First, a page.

The Firestone Ebola Answer?

October 16th, 2014

Yesterday the UN Security Council was told that Ebola was ‘winning the race’ and if not stopped, the world would ‘face an entirely unprecedented situation for which we do not have a plan’.

4,447 people have died so far (many think that’s a cautious estimate), there are estimates of up to 20,000 infected.  The Centre for Disease Control and Prevention says ‘infections could reach 1.4 million in 4 months’.   And as we’ve all heard on the news most of those affected so far are families who care for people who are ill, and health workers.

Ebola is terrible and scary.

The rampant spread of Ebola is at least in part about poverty.

Take Liberia for example one of the countries most affected. Average per capita income is less than $500 a year, the literacy rates about 60% and its health system has been shattered through years of conflict.  The disease is spreading because the resources to contain it haven’t existed.

By contrast the company Firestone, operating in Liberia, claim to have ‘stopped Ebola in its tracks’.  Encountering their first patient on their rubber plantation they looked for the protective suits used when treating chemical spills and quarantined the woman’s family. No one else was infected. As Ebola spread into neighbouring towns they created an isolation ward and quarantine centres.  They now report that, having placed hundreds of people with possible exposure under quarantine and treated others, only three patients remain – all of them children.

Why am I writing about this and what’s it got to do with Practical Action?

Firstly we have recently opened an office in West Africa and are just starting work there so it feels very immediate, very close to our work. Secondly I’ve been asked by my colleague Amanda Ross to write a blog linked to inequality – and this for me seems a prime example. In Liberia where you can see how resources can help contain – not do away with it all together – the outbreak. If only something similar to the Firestone approach could have been put into action quickly and across the areas affected. But also amongst the Western workers who have become infected through their work and who are often flown home to the best treatment and experimental drug treatments.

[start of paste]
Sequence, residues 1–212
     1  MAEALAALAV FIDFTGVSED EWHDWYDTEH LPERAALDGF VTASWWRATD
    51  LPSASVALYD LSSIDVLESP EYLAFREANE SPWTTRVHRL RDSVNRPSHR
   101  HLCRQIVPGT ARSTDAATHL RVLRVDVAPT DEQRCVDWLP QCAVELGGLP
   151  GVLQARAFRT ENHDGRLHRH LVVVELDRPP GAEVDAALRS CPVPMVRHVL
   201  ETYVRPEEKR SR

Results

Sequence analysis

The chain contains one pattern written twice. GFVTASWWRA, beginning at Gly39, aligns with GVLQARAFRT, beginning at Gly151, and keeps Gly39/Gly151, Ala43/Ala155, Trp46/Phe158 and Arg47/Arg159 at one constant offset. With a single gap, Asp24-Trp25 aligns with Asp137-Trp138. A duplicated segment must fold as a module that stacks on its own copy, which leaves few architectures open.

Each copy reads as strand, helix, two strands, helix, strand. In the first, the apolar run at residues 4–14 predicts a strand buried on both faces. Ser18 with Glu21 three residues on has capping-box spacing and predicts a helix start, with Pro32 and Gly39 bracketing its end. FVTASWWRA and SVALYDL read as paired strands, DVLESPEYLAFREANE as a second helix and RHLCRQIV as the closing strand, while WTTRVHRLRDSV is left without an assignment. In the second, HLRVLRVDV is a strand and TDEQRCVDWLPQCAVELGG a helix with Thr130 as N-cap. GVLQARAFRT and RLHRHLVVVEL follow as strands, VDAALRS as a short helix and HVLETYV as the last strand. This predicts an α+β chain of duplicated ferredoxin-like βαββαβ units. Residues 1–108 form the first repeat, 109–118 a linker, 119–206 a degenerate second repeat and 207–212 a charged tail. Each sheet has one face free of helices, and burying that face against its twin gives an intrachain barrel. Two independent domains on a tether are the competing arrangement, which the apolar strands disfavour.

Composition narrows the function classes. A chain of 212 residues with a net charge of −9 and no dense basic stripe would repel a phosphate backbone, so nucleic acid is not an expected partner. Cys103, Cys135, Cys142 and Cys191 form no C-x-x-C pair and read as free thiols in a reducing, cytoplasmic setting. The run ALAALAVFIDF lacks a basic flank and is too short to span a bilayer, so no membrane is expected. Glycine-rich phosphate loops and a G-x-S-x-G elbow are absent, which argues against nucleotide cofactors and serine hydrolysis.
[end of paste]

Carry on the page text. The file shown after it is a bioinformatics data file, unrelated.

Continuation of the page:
Our world is a very inequitable place.

Secondly we at Practical Action have a passion for Technology Justice. The race to find a vaccine or drug treatment I hope is a great example of companies responding to global need.

8743Western victims have been treated with new drugs such as brincidofovir made by a small pharmaceutical company Chimeric. Other companies are looking at potential treatments.  Johnson and Johnson and GSK are both working on vaccines. The legal/testing processes for getting a drug or vaccine to market have been hugely speeded up because of the emergency – maybe worrying but probably vital (one US news report said that we should all be worried because the vaccines all had bits of Ebola in them! Personally I thought that was where Edward Jenner started?).

But before I get carried away with my idea of a corporate world moved to treat the plight of people suffering (and I still believe that) I read a report on the share prices of the companies involved – seemingly the price of shares in potential Ebola drug companies are buoyant while those of people working on vaccines are a little more depressed – as companies developing cures as opposed to vaccines ‘may see more widespread use’ of their product.

Poverty makes people vulnerable to disease, to disaster, to economic shocks.  The story of Ebola to date, is an illustration of inequality at its worst.

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